Yesterday, the ebook version of issue seven of Lontar: The Journal of Southeast Asian Speculative Fiction was finally released! I’m thrilled to announce that:
- I have a story there. It’s my week 2 Clarion piece, “Ink: A Love Story”, about two writers who write their perfect lovers into existence.
- I’m sharing the TOC with Clarion classmate Manish Melwani and the awesome Zen Cho, author of Sorceror to the Crown.
- The cover of the issue, done by the talented Lydia Wong, was based on my story.
Please grab a copy now!
I’ve also just returned from the 1st Amelia Lapeña-Bonifacio Writers Workshop, which was held by the UP ICW at Microtel, UP TechnoHub. The focus was speculative fiction, a first for the Philippines. The workshop completely exceeded my expectations, from the quality of the work to the quality of the discussions to the quality of the accommodations. I was even struck down by stomach flu some hours just before the cosplay graduation ceremony, unfortunately. Photos to follow, but for now, here we are, about to watch the play Distrito de Molo at Palma Hall in UP (photo taken by panelist Eliza Victoria).
Note: Not a US citizen, but I have to admit that Trump winning would spell big trouble for my country, among many others.
By Amanda Evans 1. “Donald Trump and Hillary Clinton are both equally bad.” There is no planet on which this is true. Even a good portion of Republicans think he would be a globa…
Source: Things I Am Tired of Hearing
Even though I am the only one in my family with a Voter’s ID, complete with biometrics, I couldn’t vote. Why? Because no one could find my name on either the precinct or master list.
What made it worse was that between 5am and 8am, I got sent from my precinct to the help desk and back. At the voter’s assistance desk, the COMELEC rep found my mom and my sister, but not me. Everyone–poll watchers, teachers, student volunteers–was nice to me, and one person even told me not to feel nervous. But they really couldn’t help me. They were just doing their jobs, and those jobs do not entail protocol for when a registered voter cannot be found in the precinct or master list. Even the poll watchers were complainjng about how inefficient it is to look through a printed list instead of a computer. My dad finally told me we should just go home after the reps at the voter’s assistance desk couldn’t find my name. They were too busy to help and I would’ve just wasted my time and breath complaining.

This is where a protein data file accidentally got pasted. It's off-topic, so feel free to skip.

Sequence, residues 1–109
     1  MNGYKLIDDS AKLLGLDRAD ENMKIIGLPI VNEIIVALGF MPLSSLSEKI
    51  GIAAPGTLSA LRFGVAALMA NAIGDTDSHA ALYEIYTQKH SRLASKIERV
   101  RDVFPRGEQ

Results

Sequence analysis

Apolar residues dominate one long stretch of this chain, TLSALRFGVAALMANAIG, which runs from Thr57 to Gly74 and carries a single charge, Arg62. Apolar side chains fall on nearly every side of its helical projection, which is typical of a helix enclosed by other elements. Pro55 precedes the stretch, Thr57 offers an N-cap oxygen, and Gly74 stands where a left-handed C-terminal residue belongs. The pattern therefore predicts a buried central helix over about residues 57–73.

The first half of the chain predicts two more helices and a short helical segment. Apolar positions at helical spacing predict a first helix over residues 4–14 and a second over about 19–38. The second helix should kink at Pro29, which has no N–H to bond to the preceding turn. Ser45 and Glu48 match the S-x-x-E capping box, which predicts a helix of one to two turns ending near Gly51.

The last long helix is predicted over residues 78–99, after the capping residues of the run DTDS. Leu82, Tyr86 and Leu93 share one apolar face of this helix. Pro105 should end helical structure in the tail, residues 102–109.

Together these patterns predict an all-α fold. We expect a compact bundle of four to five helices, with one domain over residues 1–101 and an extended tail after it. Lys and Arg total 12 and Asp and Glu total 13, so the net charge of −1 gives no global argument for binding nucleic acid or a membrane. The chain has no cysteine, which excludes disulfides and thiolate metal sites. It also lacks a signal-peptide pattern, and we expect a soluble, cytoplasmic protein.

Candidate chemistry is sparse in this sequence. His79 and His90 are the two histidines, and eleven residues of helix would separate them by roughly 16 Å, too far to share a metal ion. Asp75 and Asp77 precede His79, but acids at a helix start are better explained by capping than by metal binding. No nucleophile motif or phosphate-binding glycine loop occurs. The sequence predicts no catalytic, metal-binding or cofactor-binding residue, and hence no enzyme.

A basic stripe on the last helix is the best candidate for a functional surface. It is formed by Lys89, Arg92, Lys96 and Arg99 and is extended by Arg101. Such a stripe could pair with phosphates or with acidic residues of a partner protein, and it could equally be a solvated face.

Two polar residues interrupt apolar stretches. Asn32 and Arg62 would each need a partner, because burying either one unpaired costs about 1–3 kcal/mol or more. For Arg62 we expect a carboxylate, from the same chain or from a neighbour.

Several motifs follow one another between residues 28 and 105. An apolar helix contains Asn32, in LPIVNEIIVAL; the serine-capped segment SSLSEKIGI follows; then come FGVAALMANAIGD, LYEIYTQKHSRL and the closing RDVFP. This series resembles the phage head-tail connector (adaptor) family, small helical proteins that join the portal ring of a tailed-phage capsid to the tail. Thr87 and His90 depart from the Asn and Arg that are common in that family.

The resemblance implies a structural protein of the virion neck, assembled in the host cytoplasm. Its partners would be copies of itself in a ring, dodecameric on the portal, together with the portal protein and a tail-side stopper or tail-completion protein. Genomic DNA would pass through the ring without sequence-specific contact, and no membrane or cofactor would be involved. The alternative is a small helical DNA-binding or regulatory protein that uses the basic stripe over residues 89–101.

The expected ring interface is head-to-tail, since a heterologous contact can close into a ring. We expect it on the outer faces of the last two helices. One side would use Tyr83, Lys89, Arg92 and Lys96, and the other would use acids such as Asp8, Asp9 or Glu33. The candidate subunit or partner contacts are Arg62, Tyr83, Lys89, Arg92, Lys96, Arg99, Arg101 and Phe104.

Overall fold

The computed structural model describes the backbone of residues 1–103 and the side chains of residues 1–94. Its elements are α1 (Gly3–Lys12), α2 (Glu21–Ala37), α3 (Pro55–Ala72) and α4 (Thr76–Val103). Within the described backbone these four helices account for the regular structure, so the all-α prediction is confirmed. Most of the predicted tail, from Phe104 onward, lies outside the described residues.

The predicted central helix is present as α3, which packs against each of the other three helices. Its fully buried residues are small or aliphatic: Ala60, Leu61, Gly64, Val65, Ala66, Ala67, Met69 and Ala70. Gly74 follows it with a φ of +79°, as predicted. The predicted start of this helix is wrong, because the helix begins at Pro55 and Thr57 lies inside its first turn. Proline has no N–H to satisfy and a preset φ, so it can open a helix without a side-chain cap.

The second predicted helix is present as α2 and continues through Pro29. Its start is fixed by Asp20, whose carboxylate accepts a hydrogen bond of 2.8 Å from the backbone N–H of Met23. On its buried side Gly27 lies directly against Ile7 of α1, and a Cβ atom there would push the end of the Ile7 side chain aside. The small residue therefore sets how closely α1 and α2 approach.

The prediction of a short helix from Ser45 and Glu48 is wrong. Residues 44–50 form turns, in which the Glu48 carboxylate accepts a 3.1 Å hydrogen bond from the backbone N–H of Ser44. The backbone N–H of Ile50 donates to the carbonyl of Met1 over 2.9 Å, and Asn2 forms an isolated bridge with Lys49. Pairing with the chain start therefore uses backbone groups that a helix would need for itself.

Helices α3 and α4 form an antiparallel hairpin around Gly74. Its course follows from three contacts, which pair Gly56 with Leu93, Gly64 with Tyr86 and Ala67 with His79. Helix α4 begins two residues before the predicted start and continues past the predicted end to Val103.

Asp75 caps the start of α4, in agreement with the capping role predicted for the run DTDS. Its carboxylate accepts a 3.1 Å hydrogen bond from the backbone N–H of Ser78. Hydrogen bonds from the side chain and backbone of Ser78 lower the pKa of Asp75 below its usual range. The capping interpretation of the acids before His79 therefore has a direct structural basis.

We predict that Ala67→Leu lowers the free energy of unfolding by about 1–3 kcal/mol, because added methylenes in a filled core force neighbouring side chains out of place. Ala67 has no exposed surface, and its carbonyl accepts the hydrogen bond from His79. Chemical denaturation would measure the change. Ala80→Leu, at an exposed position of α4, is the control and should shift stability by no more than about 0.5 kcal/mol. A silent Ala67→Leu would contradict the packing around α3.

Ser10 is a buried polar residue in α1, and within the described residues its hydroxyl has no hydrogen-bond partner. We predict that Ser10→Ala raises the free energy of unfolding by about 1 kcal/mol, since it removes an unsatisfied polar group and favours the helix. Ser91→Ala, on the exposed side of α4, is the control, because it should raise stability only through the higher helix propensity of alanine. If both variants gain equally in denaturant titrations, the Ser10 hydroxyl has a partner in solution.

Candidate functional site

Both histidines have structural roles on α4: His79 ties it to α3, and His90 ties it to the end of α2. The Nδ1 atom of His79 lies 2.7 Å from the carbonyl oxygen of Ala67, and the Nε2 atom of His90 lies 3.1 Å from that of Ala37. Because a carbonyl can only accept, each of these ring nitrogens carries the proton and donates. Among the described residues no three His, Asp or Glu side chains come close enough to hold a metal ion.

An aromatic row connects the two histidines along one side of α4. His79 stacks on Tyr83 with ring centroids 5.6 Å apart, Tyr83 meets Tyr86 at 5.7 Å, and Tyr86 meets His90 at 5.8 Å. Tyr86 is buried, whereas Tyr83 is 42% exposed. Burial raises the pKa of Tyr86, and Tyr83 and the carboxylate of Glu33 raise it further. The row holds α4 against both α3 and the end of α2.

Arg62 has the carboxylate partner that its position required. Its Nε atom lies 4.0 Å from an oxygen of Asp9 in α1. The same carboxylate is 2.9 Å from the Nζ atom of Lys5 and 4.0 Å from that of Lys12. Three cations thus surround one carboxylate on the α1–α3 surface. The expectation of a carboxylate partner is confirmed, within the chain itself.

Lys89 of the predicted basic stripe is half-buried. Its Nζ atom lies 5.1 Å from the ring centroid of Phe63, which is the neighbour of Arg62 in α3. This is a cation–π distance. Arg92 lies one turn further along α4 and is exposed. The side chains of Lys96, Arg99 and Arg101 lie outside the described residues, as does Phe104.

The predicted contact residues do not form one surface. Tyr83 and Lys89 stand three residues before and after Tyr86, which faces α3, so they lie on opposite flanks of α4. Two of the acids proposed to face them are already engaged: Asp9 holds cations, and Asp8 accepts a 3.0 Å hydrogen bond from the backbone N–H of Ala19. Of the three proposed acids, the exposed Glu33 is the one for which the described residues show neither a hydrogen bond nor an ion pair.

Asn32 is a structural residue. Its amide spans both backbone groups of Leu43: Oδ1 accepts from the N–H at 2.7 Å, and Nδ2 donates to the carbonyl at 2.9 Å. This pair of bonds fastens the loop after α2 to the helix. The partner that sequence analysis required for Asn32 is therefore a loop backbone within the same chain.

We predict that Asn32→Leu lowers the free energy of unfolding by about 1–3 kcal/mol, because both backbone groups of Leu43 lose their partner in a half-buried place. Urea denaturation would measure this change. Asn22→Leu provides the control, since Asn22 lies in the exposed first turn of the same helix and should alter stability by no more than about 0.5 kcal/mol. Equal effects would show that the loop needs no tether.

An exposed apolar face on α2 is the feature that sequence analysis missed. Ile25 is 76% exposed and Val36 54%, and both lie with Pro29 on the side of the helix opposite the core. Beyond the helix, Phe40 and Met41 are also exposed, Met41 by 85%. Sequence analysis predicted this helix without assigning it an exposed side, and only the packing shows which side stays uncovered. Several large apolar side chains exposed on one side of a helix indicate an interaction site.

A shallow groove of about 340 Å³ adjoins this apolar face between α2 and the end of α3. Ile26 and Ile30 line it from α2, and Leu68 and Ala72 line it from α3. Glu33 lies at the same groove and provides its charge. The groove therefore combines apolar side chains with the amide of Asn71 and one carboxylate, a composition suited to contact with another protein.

I walked out of that elementary school crying. It’d been a long morning and this is just the latest string of misfortunes and disappointments in an already shitty month. (Oh and by the way, we lost our power as I was writing this.) And now my name may be used in whatever election scam will probably hit the nation this year.
The best thing I can do now, no matter who becomes president, is to be an even better citizen of the Philippines than I ever was–from abiding even the most minor of rules and ordinances to actively supporting causes I care about. That goes for all of you. We can’t count on one man or woman to “save” us. We need to save ourselves. If you want to believe that change is coming, then remember that it comes from within.
Because apparently, not even COMELEC can change how I and maybe so many other people didn’t–couldn’t–vote today.